Suzanne Marshall RN, FirstCare’s Head of Clinical Governance provides her latest guidance on identifying Covid-19 and explains how her team of nurses deal with callers presenting possible symptoms.
Our nurses and advisers receive a huge number of calls every day from FirstCare Members who are employed by organisations across the UK.
At that initial point of contact, our primary task is to fully understand the caller’s circumstances, so we can provide appropriate support and log the reasons for their time off work.
We use a process called ‘triage’ to ascertain what are the best actions to take. These might range from some simple self-help tips, through to referral to a specialist or even immediate intervention of the emergency services. Our goal is to ensure Members get the right care as soon as possible and, when the time is right, get them back to work safely.
Whatever the caller’s situation, reassurance and clear guidance are essential. Unsurprisingly, since the first outbreak of Covid-19 in the UK, a significant proportion of calls have been from Members who are concerned that they or their loved one have been infected. Many people remain confused about the symptoms of Covid and indeed the measures they should take if an infection is suspected or confirmed.
As knowledge of the coronavirus evolves and government policies change, we review our triage system and update the guidance we provide our frontline clinical staff.
This post includes the latest information (October 23rd 2020) we are providing FirstCare customers about how the our nurse advisor team are assessing potential cough, cold, flu and COVID symptoms. It details the advice that we give on self-management and what to do if COVID-19 is suspected. Information is also provided on how we classify the most appropriate absence reason to support our Clients in managing COVID within their organisations. Please feel free to share this post with colleagues and loved ones.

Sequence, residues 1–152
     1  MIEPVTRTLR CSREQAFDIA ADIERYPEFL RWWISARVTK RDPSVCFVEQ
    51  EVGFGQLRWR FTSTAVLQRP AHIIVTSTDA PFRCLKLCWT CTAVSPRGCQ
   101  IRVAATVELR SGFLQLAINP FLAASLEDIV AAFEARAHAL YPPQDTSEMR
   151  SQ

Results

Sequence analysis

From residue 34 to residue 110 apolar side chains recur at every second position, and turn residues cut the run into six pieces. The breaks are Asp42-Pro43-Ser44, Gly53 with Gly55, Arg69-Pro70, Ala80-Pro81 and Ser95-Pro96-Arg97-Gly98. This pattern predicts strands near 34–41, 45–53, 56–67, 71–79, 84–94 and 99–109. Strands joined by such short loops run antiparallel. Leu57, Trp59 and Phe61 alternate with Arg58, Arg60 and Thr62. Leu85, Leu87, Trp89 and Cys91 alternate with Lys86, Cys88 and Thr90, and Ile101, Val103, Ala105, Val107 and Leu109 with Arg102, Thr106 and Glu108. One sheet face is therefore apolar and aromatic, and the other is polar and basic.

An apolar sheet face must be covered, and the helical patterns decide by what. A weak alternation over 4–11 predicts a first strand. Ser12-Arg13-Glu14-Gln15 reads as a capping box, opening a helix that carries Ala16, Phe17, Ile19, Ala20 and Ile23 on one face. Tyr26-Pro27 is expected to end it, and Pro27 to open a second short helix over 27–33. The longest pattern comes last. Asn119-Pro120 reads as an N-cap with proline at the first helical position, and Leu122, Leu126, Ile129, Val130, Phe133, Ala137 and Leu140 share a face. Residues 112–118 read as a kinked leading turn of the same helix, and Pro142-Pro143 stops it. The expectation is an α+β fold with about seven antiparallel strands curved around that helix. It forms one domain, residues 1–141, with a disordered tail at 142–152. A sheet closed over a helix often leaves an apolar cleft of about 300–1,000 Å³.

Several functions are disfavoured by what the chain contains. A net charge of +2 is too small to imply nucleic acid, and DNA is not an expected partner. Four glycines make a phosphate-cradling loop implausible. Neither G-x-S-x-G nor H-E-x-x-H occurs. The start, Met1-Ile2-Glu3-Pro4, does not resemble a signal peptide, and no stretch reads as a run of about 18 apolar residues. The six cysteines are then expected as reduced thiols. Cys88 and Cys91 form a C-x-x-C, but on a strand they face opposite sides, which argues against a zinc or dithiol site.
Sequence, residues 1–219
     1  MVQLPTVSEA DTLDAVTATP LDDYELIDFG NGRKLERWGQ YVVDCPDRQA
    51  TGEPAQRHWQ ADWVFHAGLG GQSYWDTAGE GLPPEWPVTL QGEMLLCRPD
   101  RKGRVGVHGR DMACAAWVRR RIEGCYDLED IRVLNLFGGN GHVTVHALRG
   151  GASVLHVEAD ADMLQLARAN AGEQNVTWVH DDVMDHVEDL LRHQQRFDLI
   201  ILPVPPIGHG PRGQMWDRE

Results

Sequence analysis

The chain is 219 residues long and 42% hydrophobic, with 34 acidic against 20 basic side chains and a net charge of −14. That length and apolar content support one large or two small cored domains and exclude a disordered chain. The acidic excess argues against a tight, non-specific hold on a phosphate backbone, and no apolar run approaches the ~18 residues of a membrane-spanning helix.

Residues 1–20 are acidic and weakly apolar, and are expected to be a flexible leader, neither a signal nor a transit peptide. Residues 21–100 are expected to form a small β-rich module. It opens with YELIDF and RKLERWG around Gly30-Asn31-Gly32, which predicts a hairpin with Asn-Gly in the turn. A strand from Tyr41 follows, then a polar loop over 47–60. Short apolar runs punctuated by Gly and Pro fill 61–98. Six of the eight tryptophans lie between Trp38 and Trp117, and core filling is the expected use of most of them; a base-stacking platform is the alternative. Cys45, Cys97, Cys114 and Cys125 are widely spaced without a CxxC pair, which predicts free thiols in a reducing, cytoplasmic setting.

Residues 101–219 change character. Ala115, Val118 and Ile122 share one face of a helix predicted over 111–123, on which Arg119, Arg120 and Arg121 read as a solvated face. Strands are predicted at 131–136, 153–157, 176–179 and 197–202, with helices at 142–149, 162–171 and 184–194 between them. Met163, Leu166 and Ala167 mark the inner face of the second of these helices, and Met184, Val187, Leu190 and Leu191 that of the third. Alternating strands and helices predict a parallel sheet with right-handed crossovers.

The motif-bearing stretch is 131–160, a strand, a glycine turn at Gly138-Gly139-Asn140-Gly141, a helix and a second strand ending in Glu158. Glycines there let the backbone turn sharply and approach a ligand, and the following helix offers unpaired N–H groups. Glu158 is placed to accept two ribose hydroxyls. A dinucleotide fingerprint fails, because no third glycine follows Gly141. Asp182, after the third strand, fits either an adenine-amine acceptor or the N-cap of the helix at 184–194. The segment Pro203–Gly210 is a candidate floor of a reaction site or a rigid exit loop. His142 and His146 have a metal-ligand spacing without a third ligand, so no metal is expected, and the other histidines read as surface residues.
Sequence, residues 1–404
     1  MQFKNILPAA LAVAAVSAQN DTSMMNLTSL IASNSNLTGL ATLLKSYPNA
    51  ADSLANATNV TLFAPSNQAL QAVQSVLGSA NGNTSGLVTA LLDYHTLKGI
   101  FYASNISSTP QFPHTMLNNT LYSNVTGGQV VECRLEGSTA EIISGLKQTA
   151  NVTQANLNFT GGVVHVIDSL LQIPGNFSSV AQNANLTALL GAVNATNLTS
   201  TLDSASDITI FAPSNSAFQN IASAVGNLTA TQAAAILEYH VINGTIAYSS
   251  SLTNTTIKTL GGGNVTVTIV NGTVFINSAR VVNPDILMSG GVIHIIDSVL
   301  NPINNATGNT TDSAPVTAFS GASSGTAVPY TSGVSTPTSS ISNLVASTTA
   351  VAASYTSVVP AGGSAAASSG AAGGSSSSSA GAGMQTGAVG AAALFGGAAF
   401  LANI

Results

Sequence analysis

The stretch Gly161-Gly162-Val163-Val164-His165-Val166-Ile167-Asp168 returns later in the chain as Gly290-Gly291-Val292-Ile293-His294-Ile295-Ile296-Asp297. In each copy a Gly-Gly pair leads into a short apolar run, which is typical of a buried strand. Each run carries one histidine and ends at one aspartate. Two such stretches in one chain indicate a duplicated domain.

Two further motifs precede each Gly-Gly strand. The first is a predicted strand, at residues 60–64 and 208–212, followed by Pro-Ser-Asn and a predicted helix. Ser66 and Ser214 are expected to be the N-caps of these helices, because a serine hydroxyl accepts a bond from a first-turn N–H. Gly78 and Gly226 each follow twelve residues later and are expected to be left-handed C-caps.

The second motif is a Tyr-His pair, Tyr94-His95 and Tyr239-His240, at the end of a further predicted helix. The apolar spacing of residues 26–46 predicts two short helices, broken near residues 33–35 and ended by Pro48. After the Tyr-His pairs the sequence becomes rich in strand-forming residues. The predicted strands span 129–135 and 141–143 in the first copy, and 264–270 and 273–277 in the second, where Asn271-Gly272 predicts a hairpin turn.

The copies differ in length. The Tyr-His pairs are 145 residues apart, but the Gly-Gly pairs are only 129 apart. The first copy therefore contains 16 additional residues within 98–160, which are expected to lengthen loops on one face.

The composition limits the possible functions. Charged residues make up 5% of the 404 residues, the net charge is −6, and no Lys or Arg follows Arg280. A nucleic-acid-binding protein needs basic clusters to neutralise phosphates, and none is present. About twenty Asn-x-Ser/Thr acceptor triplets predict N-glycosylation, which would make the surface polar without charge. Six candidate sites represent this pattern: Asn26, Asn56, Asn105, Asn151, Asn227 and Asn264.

What are the differences between Colds, Flu and COVID-19?
People with coronavirus have a wide range of symptoms, ranging from mild to severe, although some will have none, but can still be infectious. Symptoms may appear up to two weeks after exposure to coronavirus, but usually around day five.
Upper respiratory symptoms, like runny nose and sinus congestion, are very uncommon in COVID-19. Therefore, a runny nose is not a reason to get tested for coronavirus. Other signs and symptoms of COVID-19, different from flu, may include change in or loss of taste or smell and feeling breathless can be a sign of a more serious coronavirus infection.
COVID and the FirstCare Nurse Service
- The only way to know for sure that the employee has COVID-19 is by testing. FirstCare do not perform any testing but can advise callers on how to get tested via the organisations local policy or the NHS.
- You can have a positive COVID-19 test with all the three main symptoms, or positive but with no symptoms at all (this is called asymptomatic).